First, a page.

"The Ilonor System” in conducting examinations is in vogue in the Univerversity of Virginia, the Washington and Lee University, the Cincinnati Law School, Stanford University, and in the National University Law School. The students in all of these schools are strongly in favor of the plan. Forty-eight affirmative replies were received from students in the Cornell University Law School, while no student in that school answered the question in the negative. The vote showed the students in the John Marshall Law School, the Denver Law School, the Mercer University Law School, the University of Maryland Law School, the University of Mississippi Law School, the St. Louis University Institute of Law, George Washington University, and the Pittsburg Law School to be favorable to the system; many affirmative and no negative replies being received

from these schools. About an equal number of affirmative and negative replies were received from the Yale Law School, the University of Georgia, Chicago-Kent Law School, the University of Kansas, Harvard University Law School, Columbia University Law School, New York University Law School, and the University of West Virginia.

In addition to the above vote, a number of communications from students commenting of the question were received. Some of these communications we give below.

From the University of Minnesota Law er the manner of most freshmen on their School

first vacation home.” Christmas vacation was over.

The “Say, put the kibosh on all that silly Cynic had returned to dally but a few drivel," said the Freshman testily.: "I'm short months in the shade of Lex et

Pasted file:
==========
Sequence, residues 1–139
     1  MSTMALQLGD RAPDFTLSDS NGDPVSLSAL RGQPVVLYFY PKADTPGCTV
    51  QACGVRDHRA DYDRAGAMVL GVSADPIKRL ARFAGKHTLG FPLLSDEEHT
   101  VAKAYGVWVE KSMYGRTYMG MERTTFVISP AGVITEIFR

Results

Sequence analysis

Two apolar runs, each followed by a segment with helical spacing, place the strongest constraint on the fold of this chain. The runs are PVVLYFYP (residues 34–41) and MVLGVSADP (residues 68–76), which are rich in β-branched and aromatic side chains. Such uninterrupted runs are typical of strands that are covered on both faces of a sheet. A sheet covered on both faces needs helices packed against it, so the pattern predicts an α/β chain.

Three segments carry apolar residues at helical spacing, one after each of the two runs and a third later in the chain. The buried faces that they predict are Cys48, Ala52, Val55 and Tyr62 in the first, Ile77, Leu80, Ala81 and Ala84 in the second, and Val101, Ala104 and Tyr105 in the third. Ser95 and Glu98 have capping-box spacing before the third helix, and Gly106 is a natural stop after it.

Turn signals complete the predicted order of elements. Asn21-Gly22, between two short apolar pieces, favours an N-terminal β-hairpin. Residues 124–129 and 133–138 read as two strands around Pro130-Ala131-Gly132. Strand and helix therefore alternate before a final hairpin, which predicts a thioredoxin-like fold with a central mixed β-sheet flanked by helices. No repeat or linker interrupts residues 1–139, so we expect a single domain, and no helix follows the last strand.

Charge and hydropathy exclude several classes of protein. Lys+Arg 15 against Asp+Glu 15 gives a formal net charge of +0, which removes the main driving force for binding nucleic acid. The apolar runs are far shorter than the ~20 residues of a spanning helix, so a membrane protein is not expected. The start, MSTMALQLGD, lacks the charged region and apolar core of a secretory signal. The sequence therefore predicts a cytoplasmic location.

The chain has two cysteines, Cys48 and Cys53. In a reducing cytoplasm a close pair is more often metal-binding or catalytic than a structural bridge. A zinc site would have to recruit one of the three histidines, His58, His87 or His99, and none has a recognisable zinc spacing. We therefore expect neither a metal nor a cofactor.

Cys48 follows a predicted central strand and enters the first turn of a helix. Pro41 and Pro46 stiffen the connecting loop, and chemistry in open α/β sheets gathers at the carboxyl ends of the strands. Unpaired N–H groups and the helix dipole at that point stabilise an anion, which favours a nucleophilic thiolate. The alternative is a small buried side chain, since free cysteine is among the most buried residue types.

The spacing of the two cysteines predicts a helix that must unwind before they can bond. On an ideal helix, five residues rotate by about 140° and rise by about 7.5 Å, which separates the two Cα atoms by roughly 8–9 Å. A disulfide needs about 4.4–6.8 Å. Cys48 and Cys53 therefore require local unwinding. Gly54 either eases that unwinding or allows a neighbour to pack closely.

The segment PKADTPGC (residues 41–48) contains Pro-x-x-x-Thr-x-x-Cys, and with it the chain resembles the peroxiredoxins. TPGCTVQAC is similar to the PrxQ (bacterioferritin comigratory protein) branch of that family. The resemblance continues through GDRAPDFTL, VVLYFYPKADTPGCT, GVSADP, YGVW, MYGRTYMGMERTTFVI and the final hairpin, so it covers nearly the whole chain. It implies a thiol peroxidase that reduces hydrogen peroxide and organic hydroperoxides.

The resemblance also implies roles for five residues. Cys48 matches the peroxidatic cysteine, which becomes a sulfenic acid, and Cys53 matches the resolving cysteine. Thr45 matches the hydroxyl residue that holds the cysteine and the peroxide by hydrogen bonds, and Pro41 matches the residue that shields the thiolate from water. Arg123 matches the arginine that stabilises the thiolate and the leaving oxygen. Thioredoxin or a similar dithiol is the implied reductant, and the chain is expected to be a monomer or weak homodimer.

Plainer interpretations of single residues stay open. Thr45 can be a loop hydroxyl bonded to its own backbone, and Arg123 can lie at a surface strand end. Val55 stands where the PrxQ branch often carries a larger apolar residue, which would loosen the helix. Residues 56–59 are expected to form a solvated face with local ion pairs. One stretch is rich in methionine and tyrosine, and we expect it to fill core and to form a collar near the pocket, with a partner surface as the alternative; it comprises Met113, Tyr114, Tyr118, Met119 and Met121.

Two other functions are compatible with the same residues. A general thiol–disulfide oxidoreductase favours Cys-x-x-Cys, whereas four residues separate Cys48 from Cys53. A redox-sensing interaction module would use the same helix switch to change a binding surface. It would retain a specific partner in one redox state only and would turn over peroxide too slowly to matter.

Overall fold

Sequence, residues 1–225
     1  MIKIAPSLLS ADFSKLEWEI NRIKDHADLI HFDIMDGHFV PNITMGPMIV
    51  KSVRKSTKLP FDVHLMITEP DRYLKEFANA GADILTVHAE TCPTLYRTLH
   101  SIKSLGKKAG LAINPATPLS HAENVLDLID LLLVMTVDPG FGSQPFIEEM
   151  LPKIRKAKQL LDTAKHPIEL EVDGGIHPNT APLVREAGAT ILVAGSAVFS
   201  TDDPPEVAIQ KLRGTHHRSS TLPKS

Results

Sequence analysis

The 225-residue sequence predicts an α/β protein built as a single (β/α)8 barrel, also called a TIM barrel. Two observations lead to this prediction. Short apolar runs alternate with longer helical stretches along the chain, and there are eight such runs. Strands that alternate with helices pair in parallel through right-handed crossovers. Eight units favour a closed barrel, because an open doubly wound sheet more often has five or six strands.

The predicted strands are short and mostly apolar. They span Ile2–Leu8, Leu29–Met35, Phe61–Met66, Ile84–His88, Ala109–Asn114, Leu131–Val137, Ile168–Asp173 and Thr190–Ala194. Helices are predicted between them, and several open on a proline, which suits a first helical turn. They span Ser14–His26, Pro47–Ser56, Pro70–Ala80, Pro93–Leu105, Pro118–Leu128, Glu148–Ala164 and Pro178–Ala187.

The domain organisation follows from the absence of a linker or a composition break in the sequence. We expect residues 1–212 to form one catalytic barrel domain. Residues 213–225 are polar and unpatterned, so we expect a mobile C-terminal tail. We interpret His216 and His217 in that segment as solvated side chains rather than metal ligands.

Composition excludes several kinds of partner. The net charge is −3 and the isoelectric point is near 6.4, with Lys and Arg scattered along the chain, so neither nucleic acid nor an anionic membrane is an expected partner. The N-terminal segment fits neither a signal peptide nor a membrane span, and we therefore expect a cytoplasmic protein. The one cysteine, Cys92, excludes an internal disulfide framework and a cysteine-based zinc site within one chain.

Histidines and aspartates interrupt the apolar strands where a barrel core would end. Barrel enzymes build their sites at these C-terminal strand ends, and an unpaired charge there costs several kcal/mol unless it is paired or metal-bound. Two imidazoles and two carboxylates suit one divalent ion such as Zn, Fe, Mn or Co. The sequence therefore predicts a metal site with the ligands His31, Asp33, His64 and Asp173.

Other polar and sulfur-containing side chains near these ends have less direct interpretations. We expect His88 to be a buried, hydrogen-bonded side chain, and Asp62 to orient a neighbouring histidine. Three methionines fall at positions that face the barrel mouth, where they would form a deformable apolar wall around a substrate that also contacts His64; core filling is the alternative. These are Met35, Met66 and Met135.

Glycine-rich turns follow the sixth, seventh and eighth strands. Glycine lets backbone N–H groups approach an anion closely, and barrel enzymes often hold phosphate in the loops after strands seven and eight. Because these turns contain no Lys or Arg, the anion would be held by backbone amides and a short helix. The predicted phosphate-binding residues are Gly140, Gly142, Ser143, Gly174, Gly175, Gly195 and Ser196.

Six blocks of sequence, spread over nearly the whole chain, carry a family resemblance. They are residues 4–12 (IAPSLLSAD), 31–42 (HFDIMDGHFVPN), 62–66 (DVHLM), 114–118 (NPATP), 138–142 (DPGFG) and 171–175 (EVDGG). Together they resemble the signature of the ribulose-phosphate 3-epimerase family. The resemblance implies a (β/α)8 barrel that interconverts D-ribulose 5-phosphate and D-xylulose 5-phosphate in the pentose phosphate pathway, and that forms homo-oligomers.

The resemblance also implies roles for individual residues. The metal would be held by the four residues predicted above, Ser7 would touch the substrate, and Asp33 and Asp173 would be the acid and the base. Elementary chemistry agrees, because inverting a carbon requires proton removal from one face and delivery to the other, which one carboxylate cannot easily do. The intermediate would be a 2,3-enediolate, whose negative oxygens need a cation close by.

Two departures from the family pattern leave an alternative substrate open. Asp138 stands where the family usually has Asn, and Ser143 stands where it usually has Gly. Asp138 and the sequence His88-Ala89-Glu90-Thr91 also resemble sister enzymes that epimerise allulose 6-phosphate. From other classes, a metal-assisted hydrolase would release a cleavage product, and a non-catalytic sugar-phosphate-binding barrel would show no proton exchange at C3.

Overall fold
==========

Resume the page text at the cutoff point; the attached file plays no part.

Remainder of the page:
in a blue funk about these exams. What Aquitas; to doze blandly through a few do you think about all this honor system more erudite and sonorous lectures by

noise?" eminent jurists; to linger yet a little "I consider the system admirable in while in the hectic social whirl of college the extreme. After a careful study of life; and then, armed with an ornate the conditions under which it must oper: cum laude, the hand clasp and good ate, I can raise but one objection." wishes of the Dean, to issue forth to “What is that?” startle the corrupt and stupid world be- “It won't work," answered the Cynic yond the campus gates.

impressively. “An honor system, to be He had just lowered himself carefully effective, must rest upon a broad, firm into one of the instruments of torture, foundation of honor. That you must ofttimes waggishly called chairs, which concede. Furthermore, in that fateful occur at regular intervals in the law hour when the awful ordeal is upon you, building, and was preparing to think

when the fiery breath of the demon causdeeply on various profound legal topics, es your frame to shrink and your soul when he became conscious of a hand to shrivel, when the knowledge which which intruded itself among the stalks of you have not gained mocks and jeers at his parted pompadour and sadly muddled you from afar, and carking care rests the arrangement thereof. Glancing up- heavily upon your tender brow; in short, ward, he noticed the Freshman hovering when you are in the clutches of the inover him, the light of mischief in his eyes. quisition, careful observation will show

"Soho, my pet atrocity," said the Cyn- that even under the present system stuic, "you are about to disgrace the campus dents with a full-blown sense of honor for another half year. Well, I suppose are as scarce as unbroken New Year's you have been pampered and petted resolutions. Ergo, this plan, agitated by and pestered with foolish questions by a few hundred quixotic co-eds, would friends and relatives. You have un- result in a mere farce; a device to predoubtedly sauntered, swaggered, and vent the semesterly egress of flunkers. strutted about your native burg, buying, "You may possibly think that I am inwith a patronizing air, drinks for the dulging in a wild orgy of the imaginaboys, candy for the girls, and generally tion; the product of a brilliant mind making a three-ply idiot of yourself aft- rendered flighty by overstudy, but I as